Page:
Often, it is the most difficult times that lead to the bursts of energy that will lift us out of our despair, but also move us toward a more fruitful and fulfilling path. The past eighteen months have not been an exception of course. From the personal and collective anxiety and mourning the world is experiencing seemingly together, also comes the recognition that in many ways we are not truly sharing the same experience as humans. This has been increasingly evident during the pandemic. But now, there is also increased recognition that life in general is quite different even in the absence of a global catastrophe depending on one’s skin color, citizenship, primary language, employment, wealth, neighborhood, sexual preference, gender identity, and a slew of other determinants. Perhaps our lemonade or silver lining of COVID-19 is that it allowed the nation and local communities to focus on what has been present the whole time — that healthcare access and provision are not equitable, there are a lack diversity in providers and researchers, and care is not inclusive or welcoming to many within the communities we need to serve (and often say we are committed to serving).
Specifically, the spotlight on the reality that Black and Brown communities are less likely to have adequate health care access and treatment has garnered the attention from many in our healthcare and non-healthcare systems to move towards change. The increased awareness of the impact of mental health care disparities of marginalized groups of people, coupled with a desire to make meaningful change in our collective and individual paths forward, has sparked the conception of the UNC Psychiatry DEI Program in 2020 and the Mental Health Equity Program (MHEP) in 2021. The Mental Health Equity Residency Training Track is to launch in 2022.
The MHEP’s mission is to expand the UNC Psychiatry Department’s efforts towards achieving and sustaining equity in access, engagement, and provision of high quality mental and behavioral health care services to under-represented and marginalized groups. The ultimate goal is to produce meaningful systemic improvements and healthcare outcomes utilizing intentional strategies that prioritize advocacy, community engagement, multi-disciplinary collaborations, data-driven interventions, and a culturally centered focus. — But what does that mean in practice? How can we ensure that this momentum does not drift from meaningful to performative? How can we ensure that our vision of ‘quality healthcare for all’ comes to fruition? The answers of course depend on all of us.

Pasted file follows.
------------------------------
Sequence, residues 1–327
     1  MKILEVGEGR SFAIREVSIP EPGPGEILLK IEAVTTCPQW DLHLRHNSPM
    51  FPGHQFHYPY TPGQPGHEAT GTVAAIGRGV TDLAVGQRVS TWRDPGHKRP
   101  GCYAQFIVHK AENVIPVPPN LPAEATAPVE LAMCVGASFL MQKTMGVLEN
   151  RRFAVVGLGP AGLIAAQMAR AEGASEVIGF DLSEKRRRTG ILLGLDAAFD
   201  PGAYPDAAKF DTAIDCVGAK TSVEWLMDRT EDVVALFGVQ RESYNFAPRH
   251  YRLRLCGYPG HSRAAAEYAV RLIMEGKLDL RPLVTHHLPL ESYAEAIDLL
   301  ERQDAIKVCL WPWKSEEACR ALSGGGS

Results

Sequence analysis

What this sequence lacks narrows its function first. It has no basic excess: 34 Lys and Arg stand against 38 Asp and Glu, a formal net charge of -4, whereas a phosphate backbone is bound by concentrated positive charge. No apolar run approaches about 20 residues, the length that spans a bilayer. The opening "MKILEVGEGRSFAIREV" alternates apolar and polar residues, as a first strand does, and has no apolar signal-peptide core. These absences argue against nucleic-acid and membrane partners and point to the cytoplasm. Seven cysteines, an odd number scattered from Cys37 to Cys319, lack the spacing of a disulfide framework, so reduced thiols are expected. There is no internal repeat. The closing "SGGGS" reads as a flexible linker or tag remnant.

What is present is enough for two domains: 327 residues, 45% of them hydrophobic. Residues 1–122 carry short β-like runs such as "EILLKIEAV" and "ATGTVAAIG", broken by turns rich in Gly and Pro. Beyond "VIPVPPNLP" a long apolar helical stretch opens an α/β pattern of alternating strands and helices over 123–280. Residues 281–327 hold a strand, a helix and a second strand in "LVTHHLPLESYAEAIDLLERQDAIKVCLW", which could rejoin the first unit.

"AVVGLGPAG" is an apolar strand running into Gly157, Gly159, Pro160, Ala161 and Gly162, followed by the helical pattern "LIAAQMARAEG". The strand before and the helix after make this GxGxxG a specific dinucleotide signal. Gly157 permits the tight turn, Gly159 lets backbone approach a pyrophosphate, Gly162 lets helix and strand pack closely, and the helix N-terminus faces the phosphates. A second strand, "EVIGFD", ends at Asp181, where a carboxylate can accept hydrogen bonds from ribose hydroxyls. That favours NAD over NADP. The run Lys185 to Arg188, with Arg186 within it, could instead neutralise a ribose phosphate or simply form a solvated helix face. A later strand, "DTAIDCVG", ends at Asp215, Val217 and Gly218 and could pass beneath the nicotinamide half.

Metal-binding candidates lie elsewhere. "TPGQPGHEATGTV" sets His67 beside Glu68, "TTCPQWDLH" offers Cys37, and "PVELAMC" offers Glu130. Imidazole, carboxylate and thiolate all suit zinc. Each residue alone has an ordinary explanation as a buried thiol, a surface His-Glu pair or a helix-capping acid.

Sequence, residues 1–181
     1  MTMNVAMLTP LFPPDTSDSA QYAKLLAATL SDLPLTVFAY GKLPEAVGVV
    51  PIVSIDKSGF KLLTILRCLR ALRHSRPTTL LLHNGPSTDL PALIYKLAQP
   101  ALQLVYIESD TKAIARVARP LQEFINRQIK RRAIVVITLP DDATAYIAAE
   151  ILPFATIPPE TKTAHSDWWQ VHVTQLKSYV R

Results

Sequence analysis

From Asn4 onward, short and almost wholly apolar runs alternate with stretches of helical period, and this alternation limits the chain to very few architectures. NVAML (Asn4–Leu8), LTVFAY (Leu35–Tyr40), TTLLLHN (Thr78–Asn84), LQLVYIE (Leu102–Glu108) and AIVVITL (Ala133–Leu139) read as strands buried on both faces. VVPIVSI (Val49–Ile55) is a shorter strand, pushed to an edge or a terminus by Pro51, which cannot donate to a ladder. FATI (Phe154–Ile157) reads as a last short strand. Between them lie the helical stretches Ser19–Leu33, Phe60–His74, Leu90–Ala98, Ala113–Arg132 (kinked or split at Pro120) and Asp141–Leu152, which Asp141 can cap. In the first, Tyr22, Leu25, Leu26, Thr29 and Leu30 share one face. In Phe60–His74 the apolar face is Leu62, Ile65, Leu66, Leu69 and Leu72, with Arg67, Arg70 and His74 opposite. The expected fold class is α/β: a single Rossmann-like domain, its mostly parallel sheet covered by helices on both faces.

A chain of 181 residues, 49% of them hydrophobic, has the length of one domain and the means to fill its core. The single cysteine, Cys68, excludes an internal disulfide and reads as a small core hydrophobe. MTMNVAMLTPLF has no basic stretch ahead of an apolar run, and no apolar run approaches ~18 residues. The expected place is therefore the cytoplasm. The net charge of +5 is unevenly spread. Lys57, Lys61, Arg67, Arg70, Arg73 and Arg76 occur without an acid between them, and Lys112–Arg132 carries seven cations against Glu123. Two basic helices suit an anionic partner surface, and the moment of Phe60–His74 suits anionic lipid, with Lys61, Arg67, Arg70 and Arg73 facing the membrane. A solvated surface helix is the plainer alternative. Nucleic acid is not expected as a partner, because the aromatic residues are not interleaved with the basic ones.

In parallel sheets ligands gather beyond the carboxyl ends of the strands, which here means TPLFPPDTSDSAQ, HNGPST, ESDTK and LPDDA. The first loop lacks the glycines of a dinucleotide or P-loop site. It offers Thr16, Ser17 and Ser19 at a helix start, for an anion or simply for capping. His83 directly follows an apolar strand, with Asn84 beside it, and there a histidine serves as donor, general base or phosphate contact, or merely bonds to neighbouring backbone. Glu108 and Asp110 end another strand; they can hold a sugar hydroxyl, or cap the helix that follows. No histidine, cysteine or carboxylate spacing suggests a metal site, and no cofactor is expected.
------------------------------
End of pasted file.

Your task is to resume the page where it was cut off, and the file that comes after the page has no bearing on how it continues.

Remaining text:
To achieve sustainable, meaningful change in how we conduct ourselves and how we provide care to those in need of mental healthcare, we as a collective and as individuals must commit to at least the following:
- Be honest with ourselves. We must be willing to look within and acknowledge our own flaws and shortcomings. None of us are immune to intrinsic bias.
- Be willing to see things from a different perspective. We must be willing to put on someone else’s shoes and walk their path. This may be metaphorical, but there are opportunities to seek out, engage with, listen to, and walk with others who are different from us.
- Be open to learning how to do things differently, equitably, and more inclusively.
- Be able to receive and grow from constructive feedback about our ways of engaging with others. We must discard our tendency to see the issues as belonging to someone else or to be caused by someone else’s flaws or bad character.
- Be cautious of quick fixes. We must take the time to appropriately identify and understand the issues adversely impacting our care for patients. This includes taking the time to include the perspectives and lived experiences of the people we are focused on providing care for. Let them be their own voice in the conversation as we plan programs and opportunities geared to their community. This takes purposeful and intentional time.
Tyehimba “Tye” Hunt-Harrison, MD, MPH
Director of the Mental Health Equity Program
Director of the Mental Health Equity Residency Training Track
Child and Adolescent Psychiatrist
UNC Department of Psychiatry